master gardener) gave me a whirlwind lesson about the garden. We set up a "doggy jail" that would be Mac's potty area, so that he wouldn't pee and poop on everything, because he actually could kill everything, and quite quickly. There was a lot to learn, and in approximately 2 weeks, I think I've forgotten approximately 7/8 of it, even with notes like this. I ended up checking out an amazing book from the library (unfortunately out of print), "Sunset Western Garden Problem Solver," from the library that has amazing full color pictures of weeds. I've still managed to pull out half of my mache that has gone to seed and a whole bunch of things that I thought were grass but were some other kind of plant to be named later.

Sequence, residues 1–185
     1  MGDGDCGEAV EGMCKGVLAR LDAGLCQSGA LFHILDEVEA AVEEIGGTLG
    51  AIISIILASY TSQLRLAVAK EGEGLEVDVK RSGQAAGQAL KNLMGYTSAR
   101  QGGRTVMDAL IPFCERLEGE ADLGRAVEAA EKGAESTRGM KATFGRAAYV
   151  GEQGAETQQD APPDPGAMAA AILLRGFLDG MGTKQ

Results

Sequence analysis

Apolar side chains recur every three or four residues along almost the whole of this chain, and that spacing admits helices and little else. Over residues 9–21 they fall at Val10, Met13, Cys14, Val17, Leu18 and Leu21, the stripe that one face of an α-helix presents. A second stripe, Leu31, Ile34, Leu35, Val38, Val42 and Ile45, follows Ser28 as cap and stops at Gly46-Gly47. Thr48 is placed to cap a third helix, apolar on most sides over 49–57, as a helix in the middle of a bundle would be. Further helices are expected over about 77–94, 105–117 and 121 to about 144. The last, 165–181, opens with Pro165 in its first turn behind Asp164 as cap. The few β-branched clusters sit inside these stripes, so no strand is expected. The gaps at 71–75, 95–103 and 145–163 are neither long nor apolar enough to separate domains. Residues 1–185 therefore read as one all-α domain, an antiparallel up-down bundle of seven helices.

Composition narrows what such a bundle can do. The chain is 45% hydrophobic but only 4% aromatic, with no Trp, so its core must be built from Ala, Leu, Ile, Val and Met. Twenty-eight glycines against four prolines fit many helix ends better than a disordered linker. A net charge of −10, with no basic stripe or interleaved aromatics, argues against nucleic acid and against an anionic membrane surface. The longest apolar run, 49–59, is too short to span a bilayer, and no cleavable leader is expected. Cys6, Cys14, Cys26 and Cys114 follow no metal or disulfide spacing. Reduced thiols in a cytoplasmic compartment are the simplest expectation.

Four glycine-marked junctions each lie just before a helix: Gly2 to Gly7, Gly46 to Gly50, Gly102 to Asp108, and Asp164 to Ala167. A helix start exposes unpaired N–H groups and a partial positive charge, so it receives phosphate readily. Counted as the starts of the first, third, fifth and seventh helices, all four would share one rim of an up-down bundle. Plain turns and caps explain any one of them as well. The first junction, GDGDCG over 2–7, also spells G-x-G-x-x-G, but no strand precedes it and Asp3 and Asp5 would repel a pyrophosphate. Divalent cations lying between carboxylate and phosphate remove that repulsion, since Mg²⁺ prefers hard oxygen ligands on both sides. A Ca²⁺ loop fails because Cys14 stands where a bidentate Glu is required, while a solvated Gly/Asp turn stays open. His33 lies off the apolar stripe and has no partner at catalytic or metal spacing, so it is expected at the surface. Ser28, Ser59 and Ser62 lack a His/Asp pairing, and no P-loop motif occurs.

During my tour, the landlord taught me basic things that I have never done, and identified some plants for me. He taught me how to deadhead various plants, how much and where to water my lemon and orange tree, that I would need to replant the raised beds or that they wouldn't just grow again (right?), to add new soil to them since they were depleted, to add addendums to certain other soils since they were depleted, etc. He told me that some of the plants in the yard- the tomatillo and other plants that I can't remember- were volunteers. He told me I was welcome to kill the Camellia bush but that I probably wouldn't be able to. He directed me to someone who would sell me good, healthy plants. And I was off to the races.